Published: 01 May 2012
...Libby Robin Abstract Land management has become a multi-faceted enterprise, with professionals, locals and others contributing variously to the outcomes, increasingly working in partnership arrangements all over the world. However, each local place has a different suite of ‘experts’ speaking for...
Journal Article
Environmental Humanities (2012) 1 (1): 7–21.
Published: 01 May 2012
...Timothy Morton Abstract The Anthropocene is the radical intersection of human history and geological time. Humans have belatedly realised that they have become a geophysical force on a planetary scale. This creeping realisation has an Oedipal logic, that is to say, it is a strange loop in which one...
Journal Article
Environmental Humanities (2015) 6 (1): 103–130.
Published: 01 May 2015
... modern infrastructure. By creating and maintaining divisions, they make it possible for new kinds of agency to emerge. Infrastructures become animate: responsive to their environments in ways that allow them to persist in the face of continual change. 45 Ecologists often interpret such...
Journal Article
Environmental Humanities (2016) 8 (2): 149–171.
Published: 01 November 2016
... claim that in the Anthropocene, humans have become a geologic force. At the same time, it opens up a down-to-earth form of geopolitics that exceeds classic notions of the term, attending to different geologic scales; to living bodies, human and nonhuman; to solid rock; and to the planet. We develop our...
Journal Article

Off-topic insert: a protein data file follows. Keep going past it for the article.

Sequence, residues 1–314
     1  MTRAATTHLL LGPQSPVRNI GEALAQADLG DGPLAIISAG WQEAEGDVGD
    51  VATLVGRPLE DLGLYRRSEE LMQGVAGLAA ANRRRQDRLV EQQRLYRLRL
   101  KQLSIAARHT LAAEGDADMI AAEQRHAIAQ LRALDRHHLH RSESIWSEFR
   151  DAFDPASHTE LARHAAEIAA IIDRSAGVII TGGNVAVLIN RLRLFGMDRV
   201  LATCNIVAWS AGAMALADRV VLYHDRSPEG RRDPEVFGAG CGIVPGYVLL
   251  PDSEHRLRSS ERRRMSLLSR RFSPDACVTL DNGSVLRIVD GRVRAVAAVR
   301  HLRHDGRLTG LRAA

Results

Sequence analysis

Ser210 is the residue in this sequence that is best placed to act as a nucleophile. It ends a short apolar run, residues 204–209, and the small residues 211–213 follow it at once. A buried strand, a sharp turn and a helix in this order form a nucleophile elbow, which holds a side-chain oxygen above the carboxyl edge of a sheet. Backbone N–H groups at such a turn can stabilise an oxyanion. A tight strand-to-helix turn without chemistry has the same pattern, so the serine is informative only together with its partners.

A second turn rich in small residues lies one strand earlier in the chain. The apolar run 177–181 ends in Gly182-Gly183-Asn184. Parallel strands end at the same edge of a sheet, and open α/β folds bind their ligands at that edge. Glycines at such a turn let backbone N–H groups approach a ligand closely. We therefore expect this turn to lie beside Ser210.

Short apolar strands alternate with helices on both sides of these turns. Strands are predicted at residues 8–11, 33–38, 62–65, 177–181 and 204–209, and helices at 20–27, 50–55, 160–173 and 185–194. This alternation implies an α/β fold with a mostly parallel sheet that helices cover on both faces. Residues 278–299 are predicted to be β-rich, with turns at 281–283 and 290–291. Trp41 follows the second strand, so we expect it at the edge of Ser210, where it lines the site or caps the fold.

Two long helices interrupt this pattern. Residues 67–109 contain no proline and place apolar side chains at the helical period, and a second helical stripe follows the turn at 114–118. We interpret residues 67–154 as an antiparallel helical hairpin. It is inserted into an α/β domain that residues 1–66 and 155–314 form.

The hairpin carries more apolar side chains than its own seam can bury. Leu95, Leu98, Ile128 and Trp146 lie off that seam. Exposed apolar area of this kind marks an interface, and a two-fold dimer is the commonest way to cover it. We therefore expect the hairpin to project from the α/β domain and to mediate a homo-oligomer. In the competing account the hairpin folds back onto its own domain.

Environmental Humanities (2015) 6 (1): 1–27.
Published: 01 May 2015
... which memory, movement and materiality play full parts. I consider absence, loss and displacement and how they operate within self-landscape practice, and how particular forms of materiality (in this case, large bridges) become charged with all sorts of emotions relating to personal history (how bridges...
Journal Article
Environmental Humanities (2014) 5 (1): 155–170.
Published: 01 May 2014
... from their iconographic and indexical qualities—in other words, their seeming ability to ground symbolic discourse in something that is undeniably and materially real. In the Anthropocene, however, physical nature itself has become a medium for the inscription of human messages, and effective planetary...
Journal Article
Environmental Humanities (2016) 8 (2): 215–234.
Published: 01 November 2016
... the implications of ME for the environmental humanities in general and for Anthropocene narratives in particular. ME relies on non-Darwinian evolutionary principles. In common with other branches of Earth system science, it also destabilizes prevailing ontological categories. Life becomes more...
Journal Article
Environmental Humanities (2014) 5 (1): 1–11.
Published: 01 May 2014
... argue present a unique example of what Guy Debord calls the “tautological” nature of spectacle, its capacity to serve as its own evidence at the same time as it becomes a mode of relation among people. My questions concern the political potential of the EIS. As the effect of the real created by time...
Journal Article
Environmental Humanities (2014) 5 (1): 203–216.
Published: 01 May 2014
...Alexa Weik von Mossner Abstract Covering the time span from 2021 to 16000 N.C., Dale Pendell's speculative novel The Great Bay chronicles the profound climatic, geological and ecological transformations that California undergoes during these fourteen millennia. Human life becomes unimaginably small...
Journal Article
Environmental Humanities (2014) 5 (1): 217–232.
Published: 01 May 2014
... connections. Exploring a multiplicity of cultural techniques and actors, human as well as non-human, involved in the production of the image of the globe, this atlas becomes a medium of “being in the world” rather than one of “looking at” it. Being in the world is also the attempt of another photographic...